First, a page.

Is it Shyness or Social Anxiety? Uncovering the Facts for Social Anxiety in Children and Adolescents

Is it Shyness or Social Anxiety?

Uncovering the Facts for Social Anxiety in Children and Adolescents 

 Teenager depressed sitting inside a dirty tunnel - Shyness or Social Anxiety 

Primary and secondary school can be a tough phase of life for many children and adolescents. Naturally, as kids learn to fend for themselves and grow their own wings, they are constantly faced with new responsibilities, decisions, consequences and commitments. A big part of growing up, particularly during schooling years is making friends, succumbing to peer pressure and being confronted with sometimes embarrassing or awkward social situations. Many children and adolescents may feel uncomfortable with certain social situations, and to others they may appear as though they lack confidence when confronted with different groups of people, or exhibit shyness when speaking or performing in front of an audience. Feeling a sense of nervousness or mild anxiety in these types of social situations is normal to a certain extent. However, it is important not to confuse excessively shy and fearful behaviour regarding social interactions in young people as simply a “phase” they will grow out of, as these behaviours may be disguising the manifestation of an anxiety disorder known as social phobia.  


 So what’s the difference between shyness and social anxiety?

Struggling School BoySocial anxiety, (also known as social phobia), in children is most commonly recognised to observers as typical shyness, and may be disguised to parents and teachers as the case of the “perfect student” –as the old saying goes “children should be seen and not heard”. These children are often praised for their diligence towards school work, or how well behaved and polite they are – naturally reinforcing their anti-social behaviour. Young people with social anxiety often fear they will say or do the wrong thing in front of others, or be the subject of humiliation, embarrassment or negative judgement and ridicule. Their fear is usually so powerful that they initiate extreme precautionary avoidance tactics of their feared social situation(s). Common examples include (but are not limited to) speaking out in groups, participating in certain social situations or activities (such as parties or sports), eating or writing in front of people, using public amenities, or speaking to people in authoritative positions (such as school teachers or principals).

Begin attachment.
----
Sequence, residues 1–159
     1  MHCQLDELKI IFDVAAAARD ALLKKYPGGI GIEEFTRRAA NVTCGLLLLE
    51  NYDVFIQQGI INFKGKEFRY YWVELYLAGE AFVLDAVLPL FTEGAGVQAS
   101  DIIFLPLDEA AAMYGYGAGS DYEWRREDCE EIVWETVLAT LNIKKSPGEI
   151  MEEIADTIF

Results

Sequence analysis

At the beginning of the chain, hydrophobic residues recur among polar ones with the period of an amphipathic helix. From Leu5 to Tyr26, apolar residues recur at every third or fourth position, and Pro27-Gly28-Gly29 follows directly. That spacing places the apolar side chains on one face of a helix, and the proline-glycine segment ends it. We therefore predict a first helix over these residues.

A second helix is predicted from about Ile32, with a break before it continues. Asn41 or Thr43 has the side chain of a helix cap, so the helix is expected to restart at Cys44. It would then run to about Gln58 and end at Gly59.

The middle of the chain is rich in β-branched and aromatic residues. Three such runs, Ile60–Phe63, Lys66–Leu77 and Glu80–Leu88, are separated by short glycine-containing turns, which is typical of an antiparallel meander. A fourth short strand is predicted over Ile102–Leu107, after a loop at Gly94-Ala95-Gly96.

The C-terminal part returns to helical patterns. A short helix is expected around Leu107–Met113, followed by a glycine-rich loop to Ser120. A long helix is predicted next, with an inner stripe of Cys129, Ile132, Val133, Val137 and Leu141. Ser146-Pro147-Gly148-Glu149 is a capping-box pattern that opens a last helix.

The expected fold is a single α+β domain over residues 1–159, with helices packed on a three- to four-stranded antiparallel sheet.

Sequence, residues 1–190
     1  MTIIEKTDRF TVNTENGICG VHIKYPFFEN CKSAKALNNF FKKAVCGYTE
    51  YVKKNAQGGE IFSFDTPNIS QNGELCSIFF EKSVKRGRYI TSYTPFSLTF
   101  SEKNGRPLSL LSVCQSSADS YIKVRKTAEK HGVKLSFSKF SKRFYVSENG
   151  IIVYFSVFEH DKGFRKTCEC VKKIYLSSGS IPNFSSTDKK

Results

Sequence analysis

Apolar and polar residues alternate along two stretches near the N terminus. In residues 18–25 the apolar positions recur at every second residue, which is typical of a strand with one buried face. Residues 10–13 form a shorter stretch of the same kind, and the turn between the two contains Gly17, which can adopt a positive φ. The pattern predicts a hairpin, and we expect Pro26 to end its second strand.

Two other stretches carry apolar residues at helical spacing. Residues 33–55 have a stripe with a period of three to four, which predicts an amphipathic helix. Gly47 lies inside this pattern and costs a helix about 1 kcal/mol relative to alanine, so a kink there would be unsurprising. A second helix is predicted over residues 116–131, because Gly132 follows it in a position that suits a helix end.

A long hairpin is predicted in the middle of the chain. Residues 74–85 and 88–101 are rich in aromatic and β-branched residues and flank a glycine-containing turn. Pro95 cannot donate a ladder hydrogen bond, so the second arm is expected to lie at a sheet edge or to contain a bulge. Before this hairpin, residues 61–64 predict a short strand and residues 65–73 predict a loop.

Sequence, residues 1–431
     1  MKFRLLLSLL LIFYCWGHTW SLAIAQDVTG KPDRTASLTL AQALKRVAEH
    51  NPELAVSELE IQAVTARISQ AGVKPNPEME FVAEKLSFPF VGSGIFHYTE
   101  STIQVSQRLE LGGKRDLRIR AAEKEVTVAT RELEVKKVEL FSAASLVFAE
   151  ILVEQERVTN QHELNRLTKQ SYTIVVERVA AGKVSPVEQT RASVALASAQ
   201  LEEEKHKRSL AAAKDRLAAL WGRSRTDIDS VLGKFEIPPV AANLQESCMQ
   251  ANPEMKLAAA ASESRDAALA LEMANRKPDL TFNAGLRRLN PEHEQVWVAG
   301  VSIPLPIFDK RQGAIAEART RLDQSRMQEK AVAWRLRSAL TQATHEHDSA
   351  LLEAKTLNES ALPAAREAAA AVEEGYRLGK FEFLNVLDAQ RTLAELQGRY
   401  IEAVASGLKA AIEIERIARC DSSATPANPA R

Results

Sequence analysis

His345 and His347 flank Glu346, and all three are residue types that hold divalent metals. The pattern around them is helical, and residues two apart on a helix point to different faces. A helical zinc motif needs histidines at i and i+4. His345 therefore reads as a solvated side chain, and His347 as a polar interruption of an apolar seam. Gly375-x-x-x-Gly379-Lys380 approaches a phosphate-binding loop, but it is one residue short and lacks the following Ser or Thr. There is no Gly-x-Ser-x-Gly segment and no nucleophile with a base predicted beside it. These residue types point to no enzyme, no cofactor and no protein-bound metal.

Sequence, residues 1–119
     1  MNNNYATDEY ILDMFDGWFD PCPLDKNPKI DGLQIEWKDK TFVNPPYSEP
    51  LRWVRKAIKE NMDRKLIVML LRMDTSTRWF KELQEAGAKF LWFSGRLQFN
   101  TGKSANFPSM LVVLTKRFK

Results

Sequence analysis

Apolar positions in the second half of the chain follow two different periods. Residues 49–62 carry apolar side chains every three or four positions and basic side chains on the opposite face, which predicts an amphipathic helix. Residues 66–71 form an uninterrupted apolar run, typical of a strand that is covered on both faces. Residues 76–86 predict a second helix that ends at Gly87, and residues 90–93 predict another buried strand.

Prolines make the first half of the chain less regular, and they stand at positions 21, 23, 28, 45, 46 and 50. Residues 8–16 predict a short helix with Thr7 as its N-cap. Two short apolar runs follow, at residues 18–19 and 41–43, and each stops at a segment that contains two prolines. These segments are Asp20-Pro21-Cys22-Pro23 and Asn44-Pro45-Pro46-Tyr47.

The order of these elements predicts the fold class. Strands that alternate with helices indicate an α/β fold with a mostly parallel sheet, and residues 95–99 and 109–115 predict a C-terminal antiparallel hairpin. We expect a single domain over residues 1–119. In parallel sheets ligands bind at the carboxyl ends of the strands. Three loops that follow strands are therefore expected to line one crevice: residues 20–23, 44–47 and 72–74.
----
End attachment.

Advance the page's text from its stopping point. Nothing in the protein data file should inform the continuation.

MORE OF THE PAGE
In this modern day and age we are seeing technology advance at an outstanding pace –the revolution of the internet has expanded our limitations and changed the way we interact. As a result, more and more young people are gravitating towards popular social media communication outlets online, as opposed to face to face interactions. Herein lies the rub– numerous studies suggest this online environment is allowing us to become more socially isolated, lonely, and helps to facilitate anti-social behaviour and anxiety around offline social situations. 

What are the symptoms?

Young people with social anxiety often experience the same physical symptoms associated with generalised anxiety when confronted with their feared social situation, some of the most common symptoms include:

  • Increased heartbeat
  • Nervous sweating
  • Overwhelming racing thoughts
  • Dizziness
  • Nausea

Some more distinguishable and observable features of social anxiety (in comparison to other anxiety disorders) is that the individual may blush, stutter, tremor, or say the wrong thing in their deliberate attempt to avoid doing exactly that. This only exasperates their embarrassment and helps to sustain their insecurities – usually reinforcing their negative belief system about what others must be thinking of them.

Bullying after school

How do I know if my child has social anxiety?

Common characteristics of social anxiety – social anxiety checklist for young people: